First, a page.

Liminal Decision Making
Whitehead speaks of the liminal space as the process of concrescence, because it is an activity of becoming concrete through self-determination. The process is a verb not a noun. It is an activity of remembering the past, anticipating the future, feeling the various worlds around us and within us, feeling the presence of multiple possibilities for responding to the world; and, amid the process, selecting from among various possibilities for responding to the objects of our experience. Much if not most of this is pre-reflective and pre-conscious.
Whitehead speaks of the act of selection as an act of decision: that is, an act of cutting of certain possibilities for responding in the very act of deciding among others. Imagine a person climbing a mountain by stepping on stones. At the moment that she steps on one, she cuts off the possibility in that moment of stepping on others. Whitehead thinks we are always doing this consciously or unconsciously. We are always deciding.
Whitehead suggests that something like concresence is happening not only in our lives, but also in the lives of other animals, in living cells, and in quantum events within the depths of atoms. Everywhere in the universe, all the time and without exception, the world itself is being created out of, and by, its liminal moments, including their acts of decision or, to use another word, their self-creativity.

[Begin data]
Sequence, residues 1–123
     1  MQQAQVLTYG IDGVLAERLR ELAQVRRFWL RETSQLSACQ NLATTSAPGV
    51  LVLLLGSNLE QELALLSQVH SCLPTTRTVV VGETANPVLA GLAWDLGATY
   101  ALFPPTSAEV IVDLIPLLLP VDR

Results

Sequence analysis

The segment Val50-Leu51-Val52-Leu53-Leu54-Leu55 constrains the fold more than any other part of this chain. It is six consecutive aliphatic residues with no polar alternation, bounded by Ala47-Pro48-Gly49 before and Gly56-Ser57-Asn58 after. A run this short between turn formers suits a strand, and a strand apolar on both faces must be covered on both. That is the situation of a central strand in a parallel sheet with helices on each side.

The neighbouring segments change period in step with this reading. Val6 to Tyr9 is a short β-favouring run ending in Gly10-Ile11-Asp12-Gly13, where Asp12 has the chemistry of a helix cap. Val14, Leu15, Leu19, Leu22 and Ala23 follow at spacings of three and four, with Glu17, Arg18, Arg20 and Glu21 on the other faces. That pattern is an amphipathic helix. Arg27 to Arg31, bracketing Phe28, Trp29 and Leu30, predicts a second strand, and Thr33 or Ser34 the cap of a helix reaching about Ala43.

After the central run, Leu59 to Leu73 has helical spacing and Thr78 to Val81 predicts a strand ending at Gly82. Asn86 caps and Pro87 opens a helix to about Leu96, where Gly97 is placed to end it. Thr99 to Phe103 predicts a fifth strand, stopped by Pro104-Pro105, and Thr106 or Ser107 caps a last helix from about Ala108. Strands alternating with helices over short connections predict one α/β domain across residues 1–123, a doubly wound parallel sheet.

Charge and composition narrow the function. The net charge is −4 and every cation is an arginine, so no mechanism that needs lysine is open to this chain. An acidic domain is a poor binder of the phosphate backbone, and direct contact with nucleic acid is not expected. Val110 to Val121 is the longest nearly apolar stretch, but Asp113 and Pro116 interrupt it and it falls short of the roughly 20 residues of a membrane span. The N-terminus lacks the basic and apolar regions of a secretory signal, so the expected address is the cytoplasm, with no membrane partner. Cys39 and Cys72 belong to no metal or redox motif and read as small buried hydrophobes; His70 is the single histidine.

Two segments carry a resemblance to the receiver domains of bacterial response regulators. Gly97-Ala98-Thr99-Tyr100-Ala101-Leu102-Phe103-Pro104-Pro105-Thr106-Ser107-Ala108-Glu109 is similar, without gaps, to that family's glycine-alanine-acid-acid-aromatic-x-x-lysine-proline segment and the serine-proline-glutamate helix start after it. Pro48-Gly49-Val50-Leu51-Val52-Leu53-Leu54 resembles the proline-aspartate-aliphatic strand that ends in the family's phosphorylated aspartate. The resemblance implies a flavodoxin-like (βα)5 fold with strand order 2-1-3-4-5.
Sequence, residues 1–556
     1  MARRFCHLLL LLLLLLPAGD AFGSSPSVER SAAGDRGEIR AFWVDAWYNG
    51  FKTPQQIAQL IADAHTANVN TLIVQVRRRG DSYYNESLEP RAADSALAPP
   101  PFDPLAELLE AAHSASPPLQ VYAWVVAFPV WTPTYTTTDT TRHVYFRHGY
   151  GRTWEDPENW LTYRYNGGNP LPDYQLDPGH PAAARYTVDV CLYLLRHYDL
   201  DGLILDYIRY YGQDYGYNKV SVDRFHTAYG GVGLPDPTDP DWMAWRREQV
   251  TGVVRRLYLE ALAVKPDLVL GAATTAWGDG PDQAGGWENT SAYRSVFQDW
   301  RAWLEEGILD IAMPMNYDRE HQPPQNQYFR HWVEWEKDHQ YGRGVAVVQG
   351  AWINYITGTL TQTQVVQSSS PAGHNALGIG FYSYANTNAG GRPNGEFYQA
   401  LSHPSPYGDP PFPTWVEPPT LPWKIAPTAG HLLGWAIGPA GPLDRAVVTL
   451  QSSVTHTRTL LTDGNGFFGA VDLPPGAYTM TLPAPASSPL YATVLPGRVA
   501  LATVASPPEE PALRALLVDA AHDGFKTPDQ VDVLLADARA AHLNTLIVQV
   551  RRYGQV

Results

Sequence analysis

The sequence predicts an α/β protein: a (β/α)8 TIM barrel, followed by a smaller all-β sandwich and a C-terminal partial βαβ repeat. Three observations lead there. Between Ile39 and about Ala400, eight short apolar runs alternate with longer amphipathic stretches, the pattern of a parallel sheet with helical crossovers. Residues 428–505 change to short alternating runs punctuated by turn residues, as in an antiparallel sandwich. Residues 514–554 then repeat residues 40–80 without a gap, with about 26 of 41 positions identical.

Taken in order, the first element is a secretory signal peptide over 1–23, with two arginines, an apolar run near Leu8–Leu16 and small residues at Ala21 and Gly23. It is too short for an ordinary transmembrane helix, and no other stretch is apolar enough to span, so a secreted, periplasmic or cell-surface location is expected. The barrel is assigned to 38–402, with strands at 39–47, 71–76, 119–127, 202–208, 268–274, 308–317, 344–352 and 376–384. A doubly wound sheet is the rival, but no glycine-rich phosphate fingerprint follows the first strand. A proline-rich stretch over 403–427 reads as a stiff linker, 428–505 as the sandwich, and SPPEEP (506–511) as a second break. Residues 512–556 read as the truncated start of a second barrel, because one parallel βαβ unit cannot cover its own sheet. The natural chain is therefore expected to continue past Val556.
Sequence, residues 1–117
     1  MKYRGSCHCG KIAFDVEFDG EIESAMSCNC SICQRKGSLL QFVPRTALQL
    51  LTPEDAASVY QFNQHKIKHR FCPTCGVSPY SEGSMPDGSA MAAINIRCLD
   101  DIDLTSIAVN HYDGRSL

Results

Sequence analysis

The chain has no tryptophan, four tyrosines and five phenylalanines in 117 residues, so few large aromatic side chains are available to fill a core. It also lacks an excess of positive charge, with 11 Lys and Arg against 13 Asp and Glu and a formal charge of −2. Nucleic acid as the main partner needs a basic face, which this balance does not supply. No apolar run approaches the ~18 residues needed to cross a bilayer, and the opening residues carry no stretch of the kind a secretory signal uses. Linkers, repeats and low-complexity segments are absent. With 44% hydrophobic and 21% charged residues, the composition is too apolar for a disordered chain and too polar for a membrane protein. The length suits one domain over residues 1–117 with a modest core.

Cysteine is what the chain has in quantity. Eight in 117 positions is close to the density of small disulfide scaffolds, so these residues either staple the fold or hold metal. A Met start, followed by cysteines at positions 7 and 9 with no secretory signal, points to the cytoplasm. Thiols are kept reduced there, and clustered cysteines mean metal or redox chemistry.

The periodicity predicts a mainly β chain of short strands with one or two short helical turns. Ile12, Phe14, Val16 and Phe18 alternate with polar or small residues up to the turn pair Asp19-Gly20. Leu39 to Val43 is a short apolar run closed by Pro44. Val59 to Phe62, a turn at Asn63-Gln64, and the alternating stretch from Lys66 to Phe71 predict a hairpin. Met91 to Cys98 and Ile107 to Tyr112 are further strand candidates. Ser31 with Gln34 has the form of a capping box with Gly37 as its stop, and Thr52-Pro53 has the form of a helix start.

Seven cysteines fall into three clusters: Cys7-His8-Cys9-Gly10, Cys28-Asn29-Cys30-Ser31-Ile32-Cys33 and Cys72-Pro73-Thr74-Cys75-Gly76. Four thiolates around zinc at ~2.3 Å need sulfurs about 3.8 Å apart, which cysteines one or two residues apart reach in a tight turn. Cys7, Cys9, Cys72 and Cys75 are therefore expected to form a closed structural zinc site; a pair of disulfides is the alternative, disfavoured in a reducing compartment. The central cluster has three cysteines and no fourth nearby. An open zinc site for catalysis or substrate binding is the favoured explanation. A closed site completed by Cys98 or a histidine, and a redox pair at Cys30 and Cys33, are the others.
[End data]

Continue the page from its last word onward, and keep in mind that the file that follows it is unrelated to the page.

Thus Whitehead offers, as it were, a liminal ontology: a metaphysics of liminality. Liminal moments — moments of transition between what was and what will be — are the building blocks of reality.
Even God, thinks Whitehead, is an ongoing and everlasting act of Liminality, making decisions moment by moment in response to the universe, eternally now, and eternally betwixt and between what has been and what will be. Imagine God as the Womb of the universe; an encircling presence in whose life all lives unfold. God, too, feels what is happening as it happens; and God, too, responds moment by moment.
In Whitehead’s philosophy every moment of liminality, divine or human, amoebic or atomic, has its mood, its complex subjective form. The subjective form of a moment of liminality is its emotional response to what is felt. It may be anger, disgust, fear, happiness, sadness, or surprise, for example. Or as is more likely, combination of these emotions, felt in contrast with one another. The contrast may be complementary or contradictory. We may feel happy and sad at the time, and the two may coalesce. Or we may feel frightened and surprised, and the pleasure of surprise may be in conflict with the reality of fear as in a horror film. These emotional responses are partly elicited by the circumstances themselves and partly chosen in the act of decision. Emotional intelligence lies in recognizing our own feelings and also being sensitive to the feelings of others.